During the summer have students listen to various recordings of both Mozart concertos and analyze whether the artist is playing in 44 or alla breve. Listen for the hierarchy of the strength of the beat, use of articulatory silence, and the player’s ideas on vibrato. Notice how trills are executed and resolved. Franz Vester’s book W.A. Mozart: On the Performance of the Works for Wind Instruments (Broekmans en Van Poppel B. V. 1670) offers a thorough discussion on performing early music. Vester discusses topics such as tone, meter and stress, articulation, phrasing, tempo, rhythmic questions, ornaments, vibrato, dynamics, cadenzas and fermatas plus an extended discussion on both the Mozart concertos and the Andante in C. Vester’s book also provides an in depth discussion of all the woodwind concertos and chamber works. This book is essential material for all serious flutists.
For alternative repertoire to the Bach, explore sonatas by Handel, Marcello, Telemann, Quantz, or Sammartini. The Telemann 12 Fantasias for solo flute offer a wealth of musical teaching points that will easily transfer over to the study of the Bach sonatas.
Works by Faure, Busser, Perihlou, Taffanel, Gaubert, and Casella offer interesting repertoire choices for the Paris Conservatory requirement. If a student is not ready for the standard sonata repertoire, look at Bernard Heiden’s Sonatina, Burton’s Sonatina, or Muczynsky’s Sonata or Three Preludes.
For summer excerpt study, have students learn the entire composition rather than just the excerpt. A good goal would be for students to play the entire piece with three different CD recordings.
If possible, have a recital at the end of summer study to put a good finish on the last weeks of preparation. Once marching band begins spend lesson time reviewing audition material learned the previous spring. The summer repertoire should have enriched students’ thinking about the audition material. Make a chart so that each selection is reviewed several times in the fall lessons. Once marching band season is over, then full attention can be directed on the audition material. Try to select later audition dates, so there is ample time to prepare.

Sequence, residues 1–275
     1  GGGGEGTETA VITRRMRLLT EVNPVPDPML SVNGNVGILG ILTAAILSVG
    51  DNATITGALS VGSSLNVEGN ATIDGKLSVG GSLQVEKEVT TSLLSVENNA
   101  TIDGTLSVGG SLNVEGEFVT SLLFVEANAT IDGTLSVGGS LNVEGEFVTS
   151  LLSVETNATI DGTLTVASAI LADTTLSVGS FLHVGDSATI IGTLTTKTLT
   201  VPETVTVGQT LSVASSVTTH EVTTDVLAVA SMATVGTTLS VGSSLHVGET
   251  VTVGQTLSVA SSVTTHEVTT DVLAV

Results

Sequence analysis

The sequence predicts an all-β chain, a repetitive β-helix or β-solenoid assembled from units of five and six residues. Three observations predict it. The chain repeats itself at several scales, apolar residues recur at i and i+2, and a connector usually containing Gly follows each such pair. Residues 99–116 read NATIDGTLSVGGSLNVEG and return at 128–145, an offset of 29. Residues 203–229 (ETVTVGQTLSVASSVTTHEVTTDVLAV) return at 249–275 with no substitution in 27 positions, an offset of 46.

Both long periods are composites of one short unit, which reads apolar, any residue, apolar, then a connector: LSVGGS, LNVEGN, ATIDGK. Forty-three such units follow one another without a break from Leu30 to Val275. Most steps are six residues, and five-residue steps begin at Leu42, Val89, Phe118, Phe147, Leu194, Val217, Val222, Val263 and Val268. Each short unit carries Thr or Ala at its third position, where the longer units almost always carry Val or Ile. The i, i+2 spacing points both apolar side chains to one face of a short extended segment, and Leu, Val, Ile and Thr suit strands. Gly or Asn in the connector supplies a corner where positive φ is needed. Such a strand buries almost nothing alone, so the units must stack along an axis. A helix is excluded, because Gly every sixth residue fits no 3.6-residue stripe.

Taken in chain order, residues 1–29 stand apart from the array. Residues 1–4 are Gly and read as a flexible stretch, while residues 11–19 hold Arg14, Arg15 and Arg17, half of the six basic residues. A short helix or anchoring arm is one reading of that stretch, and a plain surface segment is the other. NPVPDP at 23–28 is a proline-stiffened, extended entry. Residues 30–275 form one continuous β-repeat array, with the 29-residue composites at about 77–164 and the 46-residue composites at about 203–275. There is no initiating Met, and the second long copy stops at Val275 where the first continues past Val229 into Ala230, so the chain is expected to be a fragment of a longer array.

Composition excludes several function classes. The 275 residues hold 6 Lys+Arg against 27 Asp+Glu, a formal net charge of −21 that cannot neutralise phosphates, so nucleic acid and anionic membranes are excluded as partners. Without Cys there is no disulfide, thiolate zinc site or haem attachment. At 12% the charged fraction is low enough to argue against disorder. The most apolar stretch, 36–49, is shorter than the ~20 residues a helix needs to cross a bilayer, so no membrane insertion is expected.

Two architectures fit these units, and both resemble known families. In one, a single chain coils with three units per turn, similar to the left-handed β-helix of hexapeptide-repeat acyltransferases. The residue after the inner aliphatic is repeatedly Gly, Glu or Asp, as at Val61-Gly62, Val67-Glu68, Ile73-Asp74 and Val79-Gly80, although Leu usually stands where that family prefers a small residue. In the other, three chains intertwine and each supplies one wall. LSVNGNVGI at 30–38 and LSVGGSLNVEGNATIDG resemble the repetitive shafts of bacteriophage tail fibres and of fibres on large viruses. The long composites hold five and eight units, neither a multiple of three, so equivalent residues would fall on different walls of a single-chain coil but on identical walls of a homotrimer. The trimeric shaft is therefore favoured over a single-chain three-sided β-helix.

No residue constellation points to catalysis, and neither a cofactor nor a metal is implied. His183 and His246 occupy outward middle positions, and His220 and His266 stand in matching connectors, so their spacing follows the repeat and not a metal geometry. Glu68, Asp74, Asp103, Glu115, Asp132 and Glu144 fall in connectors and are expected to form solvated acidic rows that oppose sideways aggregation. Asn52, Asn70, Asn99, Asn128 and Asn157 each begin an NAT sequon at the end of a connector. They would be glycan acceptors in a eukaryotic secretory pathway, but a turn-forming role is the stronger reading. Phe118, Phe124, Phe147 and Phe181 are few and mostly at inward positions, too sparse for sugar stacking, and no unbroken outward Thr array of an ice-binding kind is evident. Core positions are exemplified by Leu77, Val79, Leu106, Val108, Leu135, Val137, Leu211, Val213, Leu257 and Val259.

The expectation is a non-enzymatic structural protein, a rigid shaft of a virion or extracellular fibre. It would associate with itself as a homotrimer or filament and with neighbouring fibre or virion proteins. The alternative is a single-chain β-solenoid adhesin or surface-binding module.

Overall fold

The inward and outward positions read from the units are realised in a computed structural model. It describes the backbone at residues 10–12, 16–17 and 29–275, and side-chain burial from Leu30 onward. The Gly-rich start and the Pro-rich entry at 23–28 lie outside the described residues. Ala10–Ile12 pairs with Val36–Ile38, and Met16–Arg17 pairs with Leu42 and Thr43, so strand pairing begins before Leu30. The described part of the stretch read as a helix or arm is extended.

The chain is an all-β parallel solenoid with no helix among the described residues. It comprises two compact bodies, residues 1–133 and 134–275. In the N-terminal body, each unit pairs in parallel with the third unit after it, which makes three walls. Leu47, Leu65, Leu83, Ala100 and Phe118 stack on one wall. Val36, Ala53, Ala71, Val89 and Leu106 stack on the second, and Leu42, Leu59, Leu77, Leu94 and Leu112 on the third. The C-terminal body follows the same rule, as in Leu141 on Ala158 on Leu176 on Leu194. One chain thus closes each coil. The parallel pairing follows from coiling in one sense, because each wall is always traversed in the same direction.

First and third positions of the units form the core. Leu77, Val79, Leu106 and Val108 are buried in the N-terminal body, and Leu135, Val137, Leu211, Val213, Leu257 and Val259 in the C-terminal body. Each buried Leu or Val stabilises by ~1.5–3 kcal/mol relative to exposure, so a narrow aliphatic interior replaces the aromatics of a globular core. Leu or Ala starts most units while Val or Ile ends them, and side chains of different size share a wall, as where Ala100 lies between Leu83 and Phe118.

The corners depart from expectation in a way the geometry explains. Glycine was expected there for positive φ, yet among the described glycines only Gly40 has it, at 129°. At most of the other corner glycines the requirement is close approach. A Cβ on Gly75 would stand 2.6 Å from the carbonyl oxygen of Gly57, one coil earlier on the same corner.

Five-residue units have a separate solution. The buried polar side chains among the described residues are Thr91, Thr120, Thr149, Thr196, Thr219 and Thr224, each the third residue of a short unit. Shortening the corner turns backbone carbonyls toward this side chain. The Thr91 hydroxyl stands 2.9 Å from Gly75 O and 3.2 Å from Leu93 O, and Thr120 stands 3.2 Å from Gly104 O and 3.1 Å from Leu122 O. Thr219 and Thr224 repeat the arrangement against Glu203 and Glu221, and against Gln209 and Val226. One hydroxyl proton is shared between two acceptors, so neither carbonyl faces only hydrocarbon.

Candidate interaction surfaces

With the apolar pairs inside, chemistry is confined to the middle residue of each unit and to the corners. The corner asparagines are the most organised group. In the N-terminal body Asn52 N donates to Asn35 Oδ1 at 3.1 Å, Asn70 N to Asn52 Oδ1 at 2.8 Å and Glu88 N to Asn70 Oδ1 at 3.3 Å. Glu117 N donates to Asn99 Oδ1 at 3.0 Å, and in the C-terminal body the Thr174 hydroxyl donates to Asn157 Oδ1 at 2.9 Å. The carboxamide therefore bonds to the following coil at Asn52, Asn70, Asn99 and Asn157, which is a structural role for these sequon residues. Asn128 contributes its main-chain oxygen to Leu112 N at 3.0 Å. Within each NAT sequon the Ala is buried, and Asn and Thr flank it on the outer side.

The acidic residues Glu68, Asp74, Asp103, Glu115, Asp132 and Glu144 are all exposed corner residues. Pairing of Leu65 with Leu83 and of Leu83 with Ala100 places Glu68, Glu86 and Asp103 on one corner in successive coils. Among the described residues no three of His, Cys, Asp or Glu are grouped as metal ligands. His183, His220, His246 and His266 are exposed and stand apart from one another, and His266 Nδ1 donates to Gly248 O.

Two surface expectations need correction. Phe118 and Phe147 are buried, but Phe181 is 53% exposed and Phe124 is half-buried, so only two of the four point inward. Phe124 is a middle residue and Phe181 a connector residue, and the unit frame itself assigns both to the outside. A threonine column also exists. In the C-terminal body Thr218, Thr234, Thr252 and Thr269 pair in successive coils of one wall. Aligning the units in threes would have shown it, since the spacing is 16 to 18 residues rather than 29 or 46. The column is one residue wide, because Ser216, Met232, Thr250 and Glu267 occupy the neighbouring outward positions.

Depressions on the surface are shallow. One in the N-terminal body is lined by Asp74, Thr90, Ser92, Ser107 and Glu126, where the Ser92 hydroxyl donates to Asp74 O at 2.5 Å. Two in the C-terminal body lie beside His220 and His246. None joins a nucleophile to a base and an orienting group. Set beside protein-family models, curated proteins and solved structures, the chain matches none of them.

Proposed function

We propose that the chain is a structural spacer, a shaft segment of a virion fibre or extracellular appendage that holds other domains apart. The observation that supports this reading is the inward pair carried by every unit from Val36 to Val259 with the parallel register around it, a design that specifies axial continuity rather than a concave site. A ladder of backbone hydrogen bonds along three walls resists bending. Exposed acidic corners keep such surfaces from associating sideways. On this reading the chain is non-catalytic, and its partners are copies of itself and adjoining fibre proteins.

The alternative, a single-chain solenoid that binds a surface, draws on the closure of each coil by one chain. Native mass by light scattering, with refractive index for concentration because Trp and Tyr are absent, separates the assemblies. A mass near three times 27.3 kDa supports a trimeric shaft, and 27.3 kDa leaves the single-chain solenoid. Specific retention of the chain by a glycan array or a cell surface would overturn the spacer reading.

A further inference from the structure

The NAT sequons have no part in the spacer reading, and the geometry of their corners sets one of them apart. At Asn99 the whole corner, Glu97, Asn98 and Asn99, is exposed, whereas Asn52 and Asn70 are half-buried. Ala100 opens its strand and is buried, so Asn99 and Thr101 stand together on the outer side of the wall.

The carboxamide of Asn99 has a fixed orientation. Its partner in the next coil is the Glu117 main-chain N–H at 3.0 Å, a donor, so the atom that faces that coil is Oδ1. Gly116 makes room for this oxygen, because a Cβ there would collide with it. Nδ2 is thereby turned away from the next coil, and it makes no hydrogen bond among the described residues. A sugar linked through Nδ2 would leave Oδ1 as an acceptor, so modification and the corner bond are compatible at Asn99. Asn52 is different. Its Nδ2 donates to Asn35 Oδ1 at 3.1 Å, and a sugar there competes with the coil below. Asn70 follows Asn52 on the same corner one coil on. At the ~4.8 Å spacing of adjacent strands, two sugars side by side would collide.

For students who do not intend to pursue music after high school or who are below junior year, they often do not face the deadline of an upcoming audition or other event. Do encourage them to continue lessons during marching season (or fall sports season) even if there is little time to practice. Spend lesson time working on fundamentals such as tone, tone color, slow intervals for smoothness and perfect intonation, reviewing the stance and balance of the flute in the hands, and theoretical material such as scales, arpeggios, scales in thirds, and seventh chords plus etudes. If a student has no time to prepare etudes, then sightread simpler etudes at each lesson for phrasing and to develop a singing style. Chunk more difficult etudes with the teacher playing one chunk and the student playing the next, matching quality of tone and note lengths. Etudes from the complete methods by Popp, Gariboldi, and Soussmann are an excellent choice. These may be downloaded from www.imslp.org. You can also use lesson time for rhythmic reading and sightsinging to improve skills. Teach students basic conducting patterns. One of the most enjoyable things to do is to play duets switching parts as you go from one duet to the next. Start with canons such as the Six Canonic Sonatas by Telemann or Thom Ritter George. Move on to the Kuhlau Duos Op. 10, 80, 81, 102, 39 followed by one of my all-time favorites the Koechlin Sonatine (www.imslp.org) or the challenging Hindemith Canonic Sonate. Ask the next student to come a few minutes early, and the two students can play a trio with you. Students learn more about playing musically from chamber music than anything else. Since the marching band stance is so different from artistic flute-playing stance, review the differences reminding students to relax and breathe.
Students often feel overwhelmed in the fall with new, harder classes, marching band, and other extracurricular activities. Making lessons unstressful but still productive, where learning occurs without a lot of preparation, will be less frustrating to both teachers and students.